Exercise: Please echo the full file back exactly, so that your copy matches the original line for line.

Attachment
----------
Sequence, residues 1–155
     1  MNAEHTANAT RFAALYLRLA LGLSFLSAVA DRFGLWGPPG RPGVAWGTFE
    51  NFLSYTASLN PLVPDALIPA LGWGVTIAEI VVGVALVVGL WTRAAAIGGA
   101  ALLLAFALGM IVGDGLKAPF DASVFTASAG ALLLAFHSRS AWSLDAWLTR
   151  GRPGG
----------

Sequence, residues 1–155
     1  MNAEHTANAT RFAALYLRLA LGLSFLSAVA DRFGLWGPPG RPGVAWGTFE
    51  NFLSYTASLN PLVPDALIPA LGWGVTIAEI VVGVALVVGL WTRAAAIGGA
   101  ALLLAFALGM IVGDGLKAPF DASVFTASAG ALLLAFHSRS AWSLDAWLTR
   151  GRPGG